Dominion Energy Pilot Project Advances Solar With Storage Technology
POWHATAN, Va. — Dominion Energy successfully completed an energy storage pilot project last week that could extend the reach of solar power in the mid-Atlantic region.
The pilot project was carried out at the Scott Solar facility in Powhatan, which is located about 33 miles directly west of Richmond, Virginia.
The successful completion of the project — Dominion Energy’s third such initiative in the state — is considered a significant step in the development of future energy storage technology.
Utility officials also hope the addition of battery storage at renewable energy sites will aid the state’s transition to a clean energy economy while also improving grid reliability and stability.
As part of the pilot project, three independent battery systems totaling 12 MW were installed at the Scott Solar facility. Combined, the battery array can store solar energy for up to four hours.
The batteries at the Powhatan facility will collect and store power during the peak hours of sunshine and provide four hours of power during peak hours of consumer demand to reduce the load on existing transformers.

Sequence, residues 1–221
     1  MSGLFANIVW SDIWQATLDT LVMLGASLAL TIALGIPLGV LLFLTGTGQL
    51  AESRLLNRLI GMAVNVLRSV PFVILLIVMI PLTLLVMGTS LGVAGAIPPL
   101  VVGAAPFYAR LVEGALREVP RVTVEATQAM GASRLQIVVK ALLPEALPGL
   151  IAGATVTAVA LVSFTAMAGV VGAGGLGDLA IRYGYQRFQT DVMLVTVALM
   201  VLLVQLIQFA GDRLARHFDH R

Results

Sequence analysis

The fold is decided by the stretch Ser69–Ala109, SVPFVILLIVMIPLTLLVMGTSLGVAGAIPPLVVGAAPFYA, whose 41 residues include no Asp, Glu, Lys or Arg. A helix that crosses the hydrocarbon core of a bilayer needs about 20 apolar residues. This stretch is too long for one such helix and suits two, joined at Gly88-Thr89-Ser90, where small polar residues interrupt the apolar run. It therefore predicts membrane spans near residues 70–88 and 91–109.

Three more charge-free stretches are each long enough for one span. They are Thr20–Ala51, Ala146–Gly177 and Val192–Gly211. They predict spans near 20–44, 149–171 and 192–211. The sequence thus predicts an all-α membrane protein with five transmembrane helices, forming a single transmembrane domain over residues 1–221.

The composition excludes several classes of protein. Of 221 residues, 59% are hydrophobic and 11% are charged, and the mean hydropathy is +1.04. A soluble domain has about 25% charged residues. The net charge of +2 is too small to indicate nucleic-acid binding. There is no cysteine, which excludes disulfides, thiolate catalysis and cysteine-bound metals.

Utility officials said that over time the facility will provide valuable information on how well battery technology stores energy generated from solar panels, and how smooth the transition can be made to directing that electricity to the grid.
The batteries were approved by the State Corporation Commission in 2020 and construction on the site began the following year. Due to the pandemic and the supply chain issues that followed on its heels, the new facility didn’t come online until May.
Currently Dominion Energy has about 2,200 MW of solar and renewable energy in its ever-expanding portfolio.
In a statement on its Twitter page, the utility said, “energy storage will play an integral role in our ability to increase renewable generation and improve grid reliability as we work to achieve our net zero goal by 2050.”